When Ismalinda Eriza arrived into the KD Jadhav Hall for the match starring Kevin Sanjaya Sukamuljo and Marcus Gideon – known as “Minions” around the world – she expected at most 20 fellow Indonesian women to scream their support. She couldn’t believe her ears when a stadium full of Indians, beginning with a bunch of young outstation supporters in Delhi for the badminton, adopted the Minions for the next 50-odd minutes, providing boisterous support against a Chinese couple and practically willed them to victory.
“I felt shivers as I observed all Indians rally behind our lads because they are so adored. This was a special match,” Ismalinda added, almost shedding a tear and expressing gratitude for making the Indira Gandhi Sports Complex resemble the legendary Istora Senayan stadium from her teenage years in Indonesia.
“Perhaps it’s due to Susi Susanti, who won gold for Indonesia at the 1992 Olympics in Barcelona and led in so many Uber Cups. But even as a child, I recall attending to stadiums and seeing big numbers of ladies wearing head scarves applauding,” she recalls of a legend and a sport that Indonesians admire more than anything else.
“I like it. The sport is ours. There is gender equality in Indonesia, and no one has ever prevented us from watching or playing badminton. Everyone plays, just like in the park or anywhere else, you don’t need a field,” she says, adding that watching football might be intimidating at times due to the disproportionate number of men in the seats, “just like somewhere else.” In badminton stadiums, however, everyone partakes in the revelry, ladies in equal or greater numbers than males.
This entire week, Indonesian women in Delhi – partners of diplomats and business executives, students at Delhi University and Jawaharlal Nehru University and the Indian Institute of Technology, and residents of Chandigarh – have accompanied Indonesian athletes with inflatable clappers, tiny flags, and their renowned ice-cold vocal chords.
The wearing of headscarves in sports venues has been a contentious subject, especially since Iranian chess players refused to wear them as a gesture of protest for more individual rights. “In Indonesia, it is a matter of personal preference,” adds Nova, adding that the religion of athletes and fans and dress codes have never interfered with sports. “Some athletes, such as world champions in wall-climbing, archery, and equestrian, compete while wearing headscarves. Some players play without equipment, as do some fans. “No worries,” she replies.
Wherever badminton is played, a big group of women, often with young children in tow, will sit behind their favourite players to create a cacophony. Since a few years ago, the calm and polite Jonatan Christie ‘Jojo’ has been a favourite.
They list numerous causes.
“Jojo is now ranked fourth in the world,”
“Jojo maintains a modest profile and manages stardom with composure.”
Wiwi, 27, says, “My name is Jojo, Jonatan Christie,” as if he were the successor to Daniel Craig.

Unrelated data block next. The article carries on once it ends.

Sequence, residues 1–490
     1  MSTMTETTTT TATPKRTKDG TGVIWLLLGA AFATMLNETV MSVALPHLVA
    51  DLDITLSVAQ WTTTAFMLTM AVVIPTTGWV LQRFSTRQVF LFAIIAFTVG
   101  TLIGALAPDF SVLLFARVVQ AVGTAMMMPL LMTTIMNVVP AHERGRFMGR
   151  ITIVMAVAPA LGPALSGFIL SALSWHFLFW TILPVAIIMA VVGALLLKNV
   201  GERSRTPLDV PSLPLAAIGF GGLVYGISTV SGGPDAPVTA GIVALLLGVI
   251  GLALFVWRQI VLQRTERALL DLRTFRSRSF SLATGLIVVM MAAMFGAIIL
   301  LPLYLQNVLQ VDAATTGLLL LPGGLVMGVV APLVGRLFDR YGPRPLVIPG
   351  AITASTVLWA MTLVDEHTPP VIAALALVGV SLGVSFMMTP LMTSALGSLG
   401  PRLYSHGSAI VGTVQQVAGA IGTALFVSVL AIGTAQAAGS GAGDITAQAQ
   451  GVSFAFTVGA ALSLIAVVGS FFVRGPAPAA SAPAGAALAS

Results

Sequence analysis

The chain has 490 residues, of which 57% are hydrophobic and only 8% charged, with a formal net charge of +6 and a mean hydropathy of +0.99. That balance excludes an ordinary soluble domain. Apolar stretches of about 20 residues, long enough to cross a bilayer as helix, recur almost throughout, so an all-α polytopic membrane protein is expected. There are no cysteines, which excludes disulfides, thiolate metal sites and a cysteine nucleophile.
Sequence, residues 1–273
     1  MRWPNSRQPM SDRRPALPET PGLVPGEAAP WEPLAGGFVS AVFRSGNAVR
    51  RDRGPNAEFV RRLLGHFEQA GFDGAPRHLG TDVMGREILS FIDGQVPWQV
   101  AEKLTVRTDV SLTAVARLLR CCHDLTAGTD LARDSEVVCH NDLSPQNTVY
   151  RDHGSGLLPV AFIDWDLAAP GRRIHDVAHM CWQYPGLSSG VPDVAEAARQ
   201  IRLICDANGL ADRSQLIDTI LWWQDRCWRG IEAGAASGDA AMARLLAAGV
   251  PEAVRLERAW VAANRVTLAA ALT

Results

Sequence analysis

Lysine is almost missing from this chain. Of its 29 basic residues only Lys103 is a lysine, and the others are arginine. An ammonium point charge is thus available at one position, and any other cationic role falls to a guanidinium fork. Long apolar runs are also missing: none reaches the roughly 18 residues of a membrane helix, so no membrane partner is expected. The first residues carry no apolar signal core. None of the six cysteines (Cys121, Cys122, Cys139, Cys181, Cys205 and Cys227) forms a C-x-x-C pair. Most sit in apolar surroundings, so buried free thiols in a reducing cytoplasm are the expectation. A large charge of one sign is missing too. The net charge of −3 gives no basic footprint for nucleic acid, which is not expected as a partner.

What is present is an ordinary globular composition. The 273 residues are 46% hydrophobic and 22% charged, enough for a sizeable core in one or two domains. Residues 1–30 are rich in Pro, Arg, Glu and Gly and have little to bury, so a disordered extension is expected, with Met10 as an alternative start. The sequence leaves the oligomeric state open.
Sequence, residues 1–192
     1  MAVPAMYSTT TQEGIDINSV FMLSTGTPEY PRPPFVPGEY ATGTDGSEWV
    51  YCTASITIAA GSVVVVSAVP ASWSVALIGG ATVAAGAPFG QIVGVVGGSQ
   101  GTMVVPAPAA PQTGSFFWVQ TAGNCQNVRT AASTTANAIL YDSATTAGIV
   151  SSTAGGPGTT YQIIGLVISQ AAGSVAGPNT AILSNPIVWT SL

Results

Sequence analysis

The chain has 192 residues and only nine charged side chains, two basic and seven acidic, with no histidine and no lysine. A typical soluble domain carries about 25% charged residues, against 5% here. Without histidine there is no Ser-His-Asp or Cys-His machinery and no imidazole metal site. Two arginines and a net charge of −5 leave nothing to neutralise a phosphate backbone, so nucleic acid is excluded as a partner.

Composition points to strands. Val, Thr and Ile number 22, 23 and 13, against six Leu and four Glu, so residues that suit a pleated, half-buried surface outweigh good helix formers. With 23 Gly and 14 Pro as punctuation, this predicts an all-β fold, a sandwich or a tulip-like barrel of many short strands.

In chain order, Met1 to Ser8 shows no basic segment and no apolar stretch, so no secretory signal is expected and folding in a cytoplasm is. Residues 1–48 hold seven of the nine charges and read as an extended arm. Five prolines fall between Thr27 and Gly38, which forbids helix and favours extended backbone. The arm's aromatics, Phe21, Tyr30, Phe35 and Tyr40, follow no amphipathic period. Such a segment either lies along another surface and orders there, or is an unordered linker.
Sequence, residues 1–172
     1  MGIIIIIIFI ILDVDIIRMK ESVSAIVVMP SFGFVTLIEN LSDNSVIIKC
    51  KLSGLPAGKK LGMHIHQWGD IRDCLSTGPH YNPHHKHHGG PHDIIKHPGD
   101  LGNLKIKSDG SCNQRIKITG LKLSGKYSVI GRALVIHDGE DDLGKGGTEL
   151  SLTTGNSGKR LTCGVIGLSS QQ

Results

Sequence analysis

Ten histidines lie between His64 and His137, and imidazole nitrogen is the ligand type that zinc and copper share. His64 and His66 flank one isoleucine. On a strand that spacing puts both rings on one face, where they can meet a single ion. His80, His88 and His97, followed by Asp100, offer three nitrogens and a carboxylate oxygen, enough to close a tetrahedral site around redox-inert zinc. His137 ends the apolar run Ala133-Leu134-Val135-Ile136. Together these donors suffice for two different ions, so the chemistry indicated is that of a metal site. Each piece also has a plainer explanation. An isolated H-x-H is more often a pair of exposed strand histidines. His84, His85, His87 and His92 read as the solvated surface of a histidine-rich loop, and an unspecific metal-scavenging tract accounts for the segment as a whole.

Respect and identity
Nova, who grew up in Jakarta, asserts that badminton is the only sport that has constantly brought Indonesia international fame and respect. “We are glad to be Indonesians wherever we are in the globe,” she says, adding that they feel as if they are walking two feet above the ground at a badminton stadium. “Because it is one of our top sports, both men and women are devoted fans.” She recalls Taufik Hidayat’s 2004 Olympic gold medal as the pinnacle of her teenage sports fandom.
“This Indian crowd brought back memories. It was the first time I’d heard neutrals cheering for our players – Jojo, Anthony Ginting, and Minions – with the same volume as we’re accustomed to hearing at home. We did not anticipate them to clap together with us and shout out the names of our players. “It was quite emotional,” she admits.
The majority of Indian chants consist of basic, extremely loud, and repeated repeating of players’ names. With Indian names dwindling by Friday, and given the rare opportunity to watch global stars they only see on television and online streams in person, Indian crowds have developed an atmosphere that every international celebrity recognises in their media engagements.
Every good shot receives equal plaudits, regardless of political affiliation. And if a player is lagging horribly on the court, the star-struck Indian crowd takes it upon themselves to boost the confidence of the lagging player. If the score changes, they will fall behind the opponent. However, nobody complains. During one of these close games versus the Chinese, when the Minions received support from the Indian fans, Nova and her embassy companion Indri made friends with Indians.
Waiting for their women’s singles players Mariska Tunjung and Ginting to take the court, the Indonesian women hoped their players would give them a cause to continue attending the stadium till Sunday. “Wherever we are stationed, if there is a badminton tournament, we distribute printouts of schedules, mark our players, and buy tickets, and then the week revolves around our matches,” Ismalinda recalls of the routine followed by spouses of ambassadors around the world.
She believes that badminton and sports give Indonesians a sense of identity that they can carry with them everywhere in the globe. “When people think of Indonesia, they immediately think of badminton.” This is our preferred method of recognition. I am a Muslim, yet I do not cover my head, whereas the Wiwi here does. These are personal decisions. “However, badminton is in the blood of every Indonesian,” Ismalinda continues.